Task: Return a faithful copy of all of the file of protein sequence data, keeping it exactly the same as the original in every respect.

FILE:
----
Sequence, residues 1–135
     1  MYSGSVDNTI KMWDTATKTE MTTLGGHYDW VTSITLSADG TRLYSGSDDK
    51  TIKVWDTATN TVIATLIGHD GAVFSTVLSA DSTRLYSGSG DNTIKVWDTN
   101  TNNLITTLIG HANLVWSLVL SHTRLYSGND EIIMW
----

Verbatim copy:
Sequence, residues 1–135
     1  MYSGSVDNTI KMWDTATKTE MTTLGGHYDW VTSITLSADG TRLYSGSDDK
    51  TIKVWDTATN TVIATLIGHD GAVFSTVLSA DSTRLYSGSG DNTIKVWDTN
   101  TNNLITTLIG HANLVWSLVL SHTRLYSGND EIIMW